On March 8, 2014, a plane took off from Kuala Lumpur, heading for Beijing. However, Malaysia Airlines flight MH370 never reached its destination. Five years later, the crash site of the Boeing 777 has still not been discovered, and the pain and anger of those who lost loved ones continue, as they are unable to get answers or closure.
Despite several inquiries and the most extensive underwater search ever conducted, what happened to MH370 remains a mystery. In 2015 debris washed ashore on or near the African coast was confirmed to have come from the plane, and computer modeling of currents indicated that the debris originated from the southern Indian Ocean, near Australia. However, MH370 should never have been anywhere near that location.
The plane’s transponder, a device which transmits information to air traffic control, was switched off 40 minutes into the flight. From military radar, we know that MH370 veered away from its intended path, turning south-west, then north again. Why the pilot took this course though is unknown.
Some have suggested that it was a planned action by the pilot, Zaharie Ahmad Shah, similar to the murder-suicide by the co-pilot of Germanwings flight 9525 in 2015. Speculation was fueled by the discovery that Captain Zaharie had mapped out a similar route on his home flight simulator. However, the idea has been dismissed by official investigators, who believe that a loss of oxygen caused passengers and crew to fall unconscious, and that the plane then flew on autopilot until its fuel ran out. However, this does not explain the change of course, which is believed to have been a human intervention, perhaps in an attempt to turn round and make an emergency landing.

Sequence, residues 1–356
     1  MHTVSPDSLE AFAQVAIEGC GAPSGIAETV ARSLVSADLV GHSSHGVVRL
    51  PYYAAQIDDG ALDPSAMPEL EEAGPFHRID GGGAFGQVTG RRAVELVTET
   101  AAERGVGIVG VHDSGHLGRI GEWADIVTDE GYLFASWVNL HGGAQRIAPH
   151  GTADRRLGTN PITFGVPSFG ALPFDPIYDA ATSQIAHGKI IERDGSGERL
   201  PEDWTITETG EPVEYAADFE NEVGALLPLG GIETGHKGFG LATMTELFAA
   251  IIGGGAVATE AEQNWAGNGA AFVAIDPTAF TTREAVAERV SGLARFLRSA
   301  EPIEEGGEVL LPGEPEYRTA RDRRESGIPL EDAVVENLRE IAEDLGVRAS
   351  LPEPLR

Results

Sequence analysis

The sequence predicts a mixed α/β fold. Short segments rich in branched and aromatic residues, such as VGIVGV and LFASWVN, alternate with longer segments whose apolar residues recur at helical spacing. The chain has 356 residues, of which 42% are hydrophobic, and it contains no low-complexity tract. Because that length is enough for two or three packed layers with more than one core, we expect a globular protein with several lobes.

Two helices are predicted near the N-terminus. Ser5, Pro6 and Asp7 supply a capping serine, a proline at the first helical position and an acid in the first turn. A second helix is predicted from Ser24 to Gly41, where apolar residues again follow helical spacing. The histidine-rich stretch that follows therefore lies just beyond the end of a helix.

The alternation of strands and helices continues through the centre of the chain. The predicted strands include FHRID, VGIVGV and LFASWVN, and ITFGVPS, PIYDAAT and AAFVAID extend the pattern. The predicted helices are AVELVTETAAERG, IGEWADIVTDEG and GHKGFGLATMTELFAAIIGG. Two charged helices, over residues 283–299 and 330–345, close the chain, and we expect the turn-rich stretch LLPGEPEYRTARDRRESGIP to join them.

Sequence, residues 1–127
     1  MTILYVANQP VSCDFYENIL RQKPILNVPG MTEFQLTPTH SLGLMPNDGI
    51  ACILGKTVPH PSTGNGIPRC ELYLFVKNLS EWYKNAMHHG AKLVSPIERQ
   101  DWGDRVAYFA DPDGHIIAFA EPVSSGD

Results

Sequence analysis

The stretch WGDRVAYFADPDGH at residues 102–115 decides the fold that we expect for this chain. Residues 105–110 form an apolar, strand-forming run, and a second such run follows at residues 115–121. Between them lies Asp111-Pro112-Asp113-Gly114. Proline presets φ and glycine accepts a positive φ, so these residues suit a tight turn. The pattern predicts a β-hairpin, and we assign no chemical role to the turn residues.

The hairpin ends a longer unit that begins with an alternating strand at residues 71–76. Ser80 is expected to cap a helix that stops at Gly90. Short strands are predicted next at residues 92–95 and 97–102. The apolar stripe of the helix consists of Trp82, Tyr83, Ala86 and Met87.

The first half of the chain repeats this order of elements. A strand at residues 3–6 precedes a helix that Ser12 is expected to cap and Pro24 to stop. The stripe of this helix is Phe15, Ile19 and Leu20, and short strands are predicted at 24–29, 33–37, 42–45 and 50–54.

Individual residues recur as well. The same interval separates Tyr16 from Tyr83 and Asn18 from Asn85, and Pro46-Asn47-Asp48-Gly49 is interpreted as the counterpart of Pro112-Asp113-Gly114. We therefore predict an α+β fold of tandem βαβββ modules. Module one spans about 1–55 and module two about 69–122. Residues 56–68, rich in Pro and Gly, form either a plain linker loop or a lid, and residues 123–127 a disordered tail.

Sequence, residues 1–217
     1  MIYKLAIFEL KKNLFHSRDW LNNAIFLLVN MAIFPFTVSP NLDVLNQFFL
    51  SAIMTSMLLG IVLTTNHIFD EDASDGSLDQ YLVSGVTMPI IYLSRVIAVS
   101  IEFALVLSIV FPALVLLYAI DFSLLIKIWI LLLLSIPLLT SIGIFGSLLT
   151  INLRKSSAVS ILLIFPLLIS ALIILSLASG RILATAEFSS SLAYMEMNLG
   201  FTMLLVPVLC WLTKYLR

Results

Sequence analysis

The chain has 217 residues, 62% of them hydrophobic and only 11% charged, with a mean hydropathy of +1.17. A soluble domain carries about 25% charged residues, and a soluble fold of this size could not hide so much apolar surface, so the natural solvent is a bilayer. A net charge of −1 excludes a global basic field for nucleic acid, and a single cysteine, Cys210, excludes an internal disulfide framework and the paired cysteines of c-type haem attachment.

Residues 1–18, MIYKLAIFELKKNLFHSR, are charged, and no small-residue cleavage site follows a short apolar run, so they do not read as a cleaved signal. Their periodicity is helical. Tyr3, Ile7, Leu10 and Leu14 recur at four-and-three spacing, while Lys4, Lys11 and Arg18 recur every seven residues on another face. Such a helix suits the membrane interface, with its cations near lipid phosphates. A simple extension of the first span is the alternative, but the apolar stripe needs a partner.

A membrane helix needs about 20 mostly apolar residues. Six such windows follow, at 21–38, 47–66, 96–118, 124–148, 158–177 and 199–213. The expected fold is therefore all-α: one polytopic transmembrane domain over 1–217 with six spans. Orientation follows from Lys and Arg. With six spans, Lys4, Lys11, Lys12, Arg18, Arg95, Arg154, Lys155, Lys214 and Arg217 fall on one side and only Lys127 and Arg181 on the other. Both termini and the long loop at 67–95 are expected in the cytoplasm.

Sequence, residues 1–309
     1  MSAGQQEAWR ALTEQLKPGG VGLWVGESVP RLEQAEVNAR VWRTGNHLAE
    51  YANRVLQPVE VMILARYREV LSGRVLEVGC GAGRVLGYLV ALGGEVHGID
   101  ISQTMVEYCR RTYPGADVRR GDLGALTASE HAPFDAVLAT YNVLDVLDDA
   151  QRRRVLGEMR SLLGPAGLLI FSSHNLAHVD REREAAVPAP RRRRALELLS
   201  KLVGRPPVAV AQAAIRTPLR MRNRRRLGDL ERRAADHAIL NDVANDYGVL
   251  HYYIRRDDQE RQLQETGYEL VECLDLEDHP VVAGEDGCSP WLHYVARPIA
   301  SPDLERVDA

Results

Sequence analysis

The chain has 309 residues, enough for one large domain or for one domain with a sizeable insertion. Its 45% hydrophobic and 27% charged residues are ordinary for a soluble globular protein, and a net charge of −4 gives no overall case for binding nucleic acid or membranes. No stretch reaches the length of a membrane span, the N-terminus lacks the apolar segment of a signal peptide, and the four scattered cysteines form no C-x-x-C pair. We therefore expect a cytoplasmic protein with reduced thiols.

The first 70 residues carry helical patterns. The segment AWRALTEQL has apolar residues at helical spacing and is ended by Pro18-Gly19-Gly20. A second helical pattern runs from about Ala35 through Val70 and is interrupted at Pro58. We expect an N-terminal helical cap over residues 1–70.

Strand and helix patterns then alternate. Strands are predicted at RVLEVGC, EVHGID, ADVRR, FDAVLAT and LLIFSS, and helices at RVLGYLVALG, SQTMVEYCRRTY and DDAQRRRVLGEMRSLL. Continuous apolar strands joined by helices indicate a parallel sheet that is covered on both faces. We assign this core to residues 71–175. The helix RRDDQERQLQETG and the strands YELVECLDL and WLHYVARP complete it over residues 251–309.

An official report by Malaysian authorities, initially described as “final”, caused upset and fury among the families of passengers, leaving them with more questions than answers. The majority of the passengers were Chinese nationals, including a group of artists returning from a calligraphy exhibition, but the city’s international community was affected too: two students from the Lycée Français International de Pékin (LFIP) and their mother were onboard, as well as parents of a student at Beijing City International School (BCIS) and the partner of a former teacher at Western Academy of Beijing (WAB).
For all those who lost loved ones in this tragedy, the search for closure goes on. Our thoughts are with them on this sad anniversary, and we join them in hoping that someday, the truth about MH370 will come to light.